The STC (Scoliosis traction chair) is significantly different than bracing. First of all, it is a mere part of a larger program, not the treatment in it's entirety. Second, I have yet to see a North American designed brace that allows for active rehabilitation of the spine....I can't comment on the Cheneau. And finally, it actually creates space in the horizontal and vertical dimensions in the whole spine (cervical spine included) as it transfers spine out of the side dimension (cobb angle).

    I will concede the point of a non-consensus on the surgical level is a continual problem when comparing the treatment effectiveness of bracing in AIS.


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    Quote Originally Posted by DrStitzel View Post

    The STC (Scoliosis traction chair) is significantly different than bracing. First of all, it is a mere part of a larger program, not the treatment in it's entirety. Second, I have yet to see a North American designed brace that allows for active rehabilitation of the spine....I can't comment on the Cheneau. And finally, it actually creates space in the horizontal and vertical dimensions in the whole spine (cervical spine included) as it transfers spine out of the side dimension (cobb angle).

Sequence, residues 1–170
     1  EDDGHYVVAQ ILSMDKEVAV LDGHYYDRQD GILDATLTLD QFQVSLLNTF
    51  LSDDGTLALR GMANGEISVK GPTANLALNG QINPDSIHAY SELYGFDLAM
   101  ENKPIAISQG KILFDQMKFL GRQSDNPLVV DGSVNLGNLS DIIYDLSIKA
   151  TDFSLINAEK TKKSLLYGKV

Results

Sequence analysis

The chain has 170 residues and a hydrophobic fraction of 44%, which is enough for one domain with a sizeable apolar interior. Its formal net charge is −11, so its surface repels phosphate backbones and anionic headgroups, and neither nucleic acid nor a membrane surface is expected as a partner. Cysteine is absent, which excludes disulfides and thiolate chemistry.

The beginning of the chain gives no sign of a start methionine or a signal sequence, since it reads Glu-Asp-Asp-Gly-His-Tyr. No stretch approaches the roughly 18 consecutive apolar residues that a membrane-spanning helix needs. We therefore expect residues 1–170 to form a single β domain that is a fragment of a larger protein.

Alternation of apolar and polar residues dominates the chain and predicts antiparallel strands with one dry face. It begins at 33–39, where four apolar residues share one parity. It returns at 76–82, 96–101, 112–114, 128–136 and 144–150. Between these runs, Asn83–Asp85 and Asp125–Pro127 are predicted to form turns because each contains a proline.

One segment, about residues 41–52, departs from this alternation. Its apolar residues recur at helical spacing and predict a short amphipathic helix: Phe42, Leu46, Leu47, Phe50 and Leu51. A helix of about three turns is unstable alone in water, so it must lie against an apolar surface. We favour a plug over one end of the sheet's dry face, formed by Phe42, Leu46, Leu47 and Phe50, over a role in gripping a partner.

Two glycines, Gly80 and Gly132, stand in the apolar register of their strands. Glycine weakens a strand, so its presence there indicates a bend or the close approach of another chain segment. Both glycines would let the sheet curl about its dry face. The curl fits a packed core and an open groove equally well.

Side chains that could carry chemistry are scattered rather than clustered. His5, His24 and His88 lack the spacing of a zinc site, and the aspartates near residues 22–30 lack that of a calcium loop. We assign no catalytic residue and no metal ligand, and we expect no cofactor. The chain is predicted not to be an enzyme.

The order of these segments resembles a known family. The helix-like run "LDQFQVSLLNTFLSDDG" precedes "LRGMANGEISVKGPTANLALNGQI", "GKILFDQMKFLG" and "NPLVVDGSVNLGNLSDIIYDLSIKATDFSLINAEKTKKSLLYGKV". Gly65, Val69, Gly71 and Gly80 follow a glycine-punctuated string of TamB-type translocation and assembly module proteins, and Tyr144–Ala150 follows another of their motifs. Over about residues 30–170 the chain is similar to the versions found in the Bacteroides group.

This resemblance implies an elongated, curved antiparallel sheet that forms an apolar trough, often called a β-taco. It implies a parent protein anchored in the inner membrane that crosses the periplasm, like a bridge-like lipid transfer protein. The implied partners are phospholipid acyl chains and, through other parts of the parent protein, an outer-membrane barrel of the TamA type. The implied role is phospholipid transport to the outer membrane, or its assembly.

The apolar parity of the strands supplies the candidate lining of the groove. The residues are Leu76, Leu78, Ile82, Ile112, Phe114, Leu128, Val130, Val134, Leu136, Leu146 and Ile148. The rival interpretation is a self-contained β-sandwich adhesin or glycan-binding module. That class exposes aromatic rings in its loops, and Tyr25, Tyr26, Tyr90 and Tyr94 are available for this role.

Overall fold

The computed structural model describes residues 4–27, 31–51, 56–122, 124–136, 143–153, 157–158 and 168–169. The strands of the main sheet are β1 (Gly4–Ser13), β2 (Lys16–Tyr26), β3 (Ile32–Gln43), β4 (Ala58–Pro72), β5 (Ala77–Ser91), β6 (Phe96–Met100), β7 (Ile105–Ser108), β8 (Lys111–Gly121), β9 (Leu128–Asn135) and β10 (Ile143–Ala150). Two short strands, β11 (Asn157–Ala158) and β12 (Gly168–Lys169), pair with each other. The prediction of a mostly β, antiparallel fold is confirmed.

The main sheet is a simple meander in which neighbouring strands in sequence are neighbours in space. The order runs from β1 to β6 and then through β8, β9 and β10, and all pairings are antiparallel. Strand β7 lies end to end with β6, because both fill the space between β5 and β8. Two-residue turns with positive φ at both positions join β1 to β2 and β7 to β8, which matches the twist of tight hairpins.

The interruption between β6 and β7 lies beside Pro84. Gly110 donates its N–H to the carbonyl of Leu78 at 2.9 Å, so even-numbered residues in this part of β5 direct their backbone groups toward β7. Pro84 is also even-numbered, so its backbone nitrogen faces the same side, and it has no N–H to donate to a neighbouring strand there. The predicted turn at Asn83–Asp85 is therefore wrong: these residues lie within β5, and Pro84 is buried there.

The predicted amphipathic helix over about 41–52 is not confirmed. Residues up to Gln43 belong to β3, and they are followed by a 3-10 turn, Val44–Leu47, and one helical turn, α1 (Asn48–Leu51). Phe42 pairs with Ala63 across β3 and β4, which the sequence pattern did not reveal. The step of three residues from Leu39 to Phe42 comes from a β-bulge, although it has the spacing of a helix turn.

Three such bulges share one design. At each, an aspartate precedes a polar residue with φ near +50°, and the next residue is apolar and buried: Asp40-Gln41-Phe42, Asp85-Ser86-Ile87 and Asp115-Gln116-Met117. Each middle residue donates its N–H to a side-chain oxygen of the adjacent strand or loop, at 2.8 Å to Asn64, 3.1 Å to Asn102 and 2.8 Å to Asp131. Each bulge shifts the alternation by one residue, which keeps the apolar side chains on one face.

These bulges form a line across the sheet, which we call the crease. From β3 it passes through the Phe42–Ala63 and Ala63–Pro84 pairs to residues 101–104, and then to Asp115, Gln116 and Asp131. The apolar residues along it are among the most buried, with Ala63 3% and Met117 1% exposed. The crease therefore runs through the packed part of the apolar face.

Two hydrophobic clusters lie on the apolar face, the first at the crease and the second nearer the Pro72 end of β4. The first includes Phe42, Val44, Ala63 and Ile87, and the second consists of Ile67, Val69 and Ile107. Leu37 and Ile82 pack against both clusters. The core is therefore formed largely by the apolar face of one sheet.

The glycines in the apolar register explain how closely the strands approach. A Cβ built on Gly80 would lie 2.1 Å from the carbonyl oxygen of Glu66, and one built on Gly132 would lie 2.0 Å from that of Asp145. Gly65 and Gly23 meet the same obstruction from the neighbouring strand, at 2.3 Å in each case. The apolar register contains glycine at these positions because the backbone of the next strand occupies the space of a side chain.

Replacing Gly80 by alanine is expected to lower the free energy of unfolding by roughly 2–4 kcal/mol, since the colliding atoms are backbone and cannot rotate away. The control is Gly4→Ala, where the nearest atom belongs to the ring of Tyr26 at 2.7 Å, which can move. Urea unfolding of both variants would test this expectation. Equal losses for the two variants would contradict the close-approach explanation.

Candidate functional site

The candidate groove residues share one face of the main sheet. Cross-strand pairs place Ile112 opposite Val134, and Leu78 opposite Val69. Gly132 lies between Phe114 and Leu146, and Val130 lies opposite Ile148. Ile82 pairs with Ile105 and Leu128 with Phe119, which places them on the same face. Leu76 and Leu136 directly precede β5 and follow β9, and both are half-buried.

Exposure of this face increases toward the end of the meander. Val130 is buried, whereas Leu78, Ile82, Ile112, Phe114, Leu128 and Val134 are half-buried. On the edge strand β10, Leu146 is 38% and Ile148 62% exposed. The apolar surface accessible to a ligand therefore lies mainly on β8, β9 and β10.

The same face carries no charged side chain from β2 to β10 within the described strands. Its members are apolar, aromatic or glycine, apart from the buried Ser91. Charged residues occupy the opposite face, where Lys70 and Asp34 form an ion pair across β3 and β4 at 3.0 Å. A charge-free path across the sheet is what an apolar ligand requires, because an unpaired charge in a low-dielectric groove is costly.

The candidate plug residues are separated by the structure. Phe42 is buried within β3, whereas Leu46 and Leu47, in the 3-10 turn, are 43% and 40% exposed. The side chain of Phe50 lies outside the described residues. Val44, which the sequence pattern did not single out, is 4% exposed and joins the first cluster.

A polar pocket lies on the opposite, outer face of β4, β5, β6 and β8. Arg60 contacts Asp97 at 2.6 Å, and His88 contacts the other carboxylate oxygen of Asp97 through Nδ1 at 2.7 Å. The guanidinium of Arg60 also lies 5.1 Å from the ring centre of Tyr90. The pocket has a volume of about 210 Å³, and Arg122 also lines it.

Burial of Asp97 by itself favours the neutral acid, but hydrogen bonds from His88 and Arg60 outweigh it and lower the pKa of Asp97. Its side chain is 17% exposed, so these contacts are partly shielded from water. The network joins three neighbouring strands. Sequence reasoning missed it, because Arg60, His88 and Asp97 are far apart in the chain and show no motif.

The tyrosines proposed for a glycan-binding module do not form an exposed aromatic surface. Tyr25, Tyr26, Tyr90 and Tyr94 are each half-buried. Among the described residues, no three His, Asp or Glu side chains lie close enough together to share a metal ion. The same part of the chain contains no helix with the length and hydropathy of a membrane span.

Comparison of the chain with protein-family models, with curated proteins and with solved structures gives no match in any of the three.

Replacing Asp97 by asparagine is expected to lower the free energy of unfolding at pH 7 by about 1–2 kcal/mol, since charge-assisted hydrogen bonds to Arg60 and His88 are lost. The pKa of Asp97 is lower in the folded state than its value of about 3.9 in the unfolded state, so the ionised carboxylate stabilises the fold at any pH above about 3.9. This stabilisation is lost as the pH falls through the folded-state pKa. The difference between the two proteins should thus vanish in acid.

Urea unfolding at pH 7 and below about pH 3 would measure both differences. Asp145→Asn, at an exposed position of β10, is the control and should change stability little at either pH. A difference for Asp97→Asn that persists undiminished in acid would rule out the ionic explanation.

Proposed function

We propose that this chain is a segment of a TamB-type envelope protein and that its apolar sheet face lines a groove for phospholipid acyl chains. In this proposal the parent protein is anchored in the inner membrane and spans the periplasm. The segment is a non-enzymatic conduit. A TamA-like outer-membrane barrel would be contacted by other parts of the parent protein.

And your data that shows this is?


    Also, active movement can and does occur in Boston bracing. I have 4 patients in them right now, I can YouTube a video to you showing their exercises if you like.